Implementing a Linked Data Application

Simply learning how to interpret and manipulate Linked Data could stop with the topics outlined above. The extent to which a language-lab-like platform for learning Linked Data should encompass tools for implementing Linked Data applications is an open question. Whether as part of a tool platform or merely as topics of study, however, the learner should acquire knowledge of the following:

  • Publishing RDF-compatible data on the Web

10 thoughts on “Implementing a Linked Data Application

  1. Hello! I‘m from Shang Hai Library, China. My colleagues and I are very interested in Linked Data and the related technologies. It’s very great that there is a project like this.
    What I mainly focus on currently is the consuming technologies of Linked Data, such as, how to mashup Linked Data from different datasets, how to create RDF Links automatically between them with the tools like SILK, and how to create mappings between different vocabularies with something like R2R Framework.
    I also want to know how the semantic search engine based on Linked Data going to work.

  2. There are many ways to publish RDF data, but the application doesn’t stop at publishing and storing. A summary of types of linked data applications should be provided and each type with at least one example. Here again, I think the examples should contain all steps and codes necessary for learners to replicate and reuse. Linked data is very different from what most people with basic web skills are familiar with, which also requires the examples to be “playable” in order for learners to see what’s under the hook.

  3. Gregg Kellogg comments:
    * Documentation for Ruby adaptations of parallel projects, such as RDF::RDFa, RDF::RDFXML, RDF::Turtle, and SPARQL
    * A potentially useful demonstration project is:
    (It won’t work now, due to the change in the GitHub API). If the library that I use to access the GitHub API were updated, it could probably be resurrected easily enough.
    * I actually developed the GitHub-LOD demo as part of an introductory talk I gave on Ruby RDF:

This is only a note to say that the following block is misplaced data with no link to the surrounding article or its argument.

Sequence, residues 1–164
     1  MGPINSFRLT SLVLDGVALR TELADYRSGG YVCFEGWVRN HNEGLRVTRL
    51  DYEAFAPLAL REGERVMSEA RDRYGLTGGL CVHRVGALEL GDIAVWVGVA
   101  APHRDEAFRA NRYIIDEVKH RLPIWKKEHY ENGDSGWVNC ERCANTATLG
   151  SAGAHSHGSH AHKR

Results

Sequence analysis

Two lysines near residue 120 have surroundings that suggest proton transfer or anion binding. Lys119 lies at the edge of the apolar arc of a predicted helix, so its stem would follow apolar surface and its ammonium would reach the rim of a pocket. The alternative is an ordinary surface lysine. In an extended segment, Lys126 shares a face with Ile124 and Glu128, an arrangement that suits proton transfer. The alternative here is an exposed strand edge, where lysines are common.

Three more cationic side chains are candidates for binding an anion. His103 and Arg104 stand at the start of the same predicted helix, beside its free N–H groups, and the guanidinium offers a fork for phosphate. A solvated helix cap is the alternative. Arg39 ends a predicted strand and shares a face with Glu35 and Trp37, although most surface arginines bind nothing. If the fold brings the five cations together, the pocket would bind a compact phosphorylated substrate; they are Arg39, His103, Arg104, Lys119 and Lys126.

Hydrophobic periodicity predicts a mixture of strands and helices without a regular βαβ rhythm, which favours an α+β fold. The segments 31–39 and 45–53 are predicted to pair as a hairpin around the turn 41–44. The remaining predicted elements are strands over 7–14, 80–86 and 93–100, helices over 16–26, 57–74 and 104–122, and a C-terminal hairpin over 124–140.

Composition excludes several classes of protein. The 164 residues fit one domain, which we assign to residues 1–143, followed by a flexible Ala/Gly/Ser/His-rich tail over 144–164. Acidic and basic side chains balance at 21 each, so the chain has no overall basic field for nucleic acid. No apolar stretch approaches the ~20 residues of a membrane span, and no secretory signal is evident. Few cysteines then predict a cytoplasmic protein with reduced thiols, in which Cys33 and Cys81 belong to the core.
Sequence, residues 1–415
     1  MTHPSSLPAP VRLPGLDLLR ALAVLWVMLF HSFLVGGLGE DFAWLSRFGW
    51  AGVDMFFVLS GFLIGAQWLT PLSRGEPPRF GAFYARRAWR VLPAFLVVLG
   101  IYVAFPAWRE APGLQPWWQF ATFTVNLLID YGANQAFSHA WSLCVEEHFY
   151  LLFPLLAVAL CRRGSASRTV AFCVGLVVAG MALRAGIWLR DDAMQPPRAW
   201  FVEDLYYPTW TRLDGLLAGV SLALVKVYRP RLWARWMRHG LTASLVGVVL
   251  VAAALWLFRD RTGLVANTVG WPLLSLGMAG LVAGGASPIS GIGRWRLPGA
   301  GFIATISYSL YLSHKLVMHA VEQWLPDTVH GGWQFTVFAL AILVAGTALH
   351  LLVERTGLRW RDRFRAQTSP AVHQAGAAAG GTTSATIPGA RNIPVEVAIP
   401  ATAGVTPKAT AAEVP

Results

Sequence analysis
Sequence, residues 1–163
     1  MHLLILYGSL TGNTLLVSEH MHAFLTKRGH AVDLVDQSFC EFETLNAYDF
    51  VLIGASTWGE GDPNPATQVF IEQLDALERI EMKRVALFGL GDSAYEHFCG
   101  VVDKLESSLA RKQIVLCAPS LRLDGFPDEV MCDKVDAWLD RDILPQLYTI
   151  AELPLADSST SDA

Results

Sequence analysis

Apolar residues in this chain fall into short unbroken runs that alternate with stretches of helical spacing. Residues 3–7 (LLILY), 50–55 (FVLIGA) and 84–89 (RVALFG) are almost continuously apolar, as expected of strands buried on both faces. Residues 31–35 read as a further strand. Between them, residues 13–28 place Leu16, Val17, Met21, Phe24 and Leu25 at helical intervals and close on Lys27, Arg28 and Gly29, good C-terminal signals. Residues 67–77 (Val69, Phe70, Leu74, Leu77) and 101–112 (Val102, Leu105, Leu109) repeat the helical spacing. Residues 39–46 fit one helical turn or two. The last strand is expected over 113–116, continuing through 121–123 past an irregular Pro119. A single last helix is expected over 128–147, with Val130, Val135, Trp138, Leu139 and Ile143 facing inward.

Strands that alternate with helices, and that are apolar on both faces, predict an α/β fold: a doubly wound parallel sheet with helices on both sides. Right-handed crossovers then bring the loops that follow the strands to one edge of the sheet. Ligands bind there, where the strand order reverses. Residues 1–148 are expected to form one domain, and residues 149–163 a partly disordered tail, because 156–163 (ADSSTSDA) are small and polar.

* On the RDF WG, Nick Humphrey is a contributor, and uses it for his DBPedia-Lite project:

  4. I like what Cuijuan Xia says – focusing on low-hanging fruit like (s)mashups, this is exactly what we’ve been doing – exploiting vocabulary alignments to dynamically mash data. Easy to do and can offer students a compelling example of why linked data might just be worth the effort.

    Also like the mention of Drupal – you can really use it as an LOD front-end in which pages become concepts. Also could be good to mention the semantic mediawiki extension.

  5. For Digital Libraries and Information Retrieval courses, one or two robust, “hands-on” example applications would be very helpful – covering publishing, storage and other aspects of implementation, as suggested above. I agree with the idea of a diverse library of “playable examples.” Also, “sandbox” applications (implementation walk-throughs?) would be very useful. Students can learn a lot by experimenting and breaking things where there is no risk. It’s a good method for self-assessment on complex material. I could see various content areas pointing to hands-on examples such as a Digital Library application or a retrieval application, where the language is practiced as it is learned, as in a language-lab.

  6. The final version of the Inventory of Learning Topics, with modifications in light of comments received, is posted here:

    The project sponsors are grateful for the input received so far, and they invite additional comments on the page linked above. All additional input will inform future implementation plans for the Learning Linked Data project.

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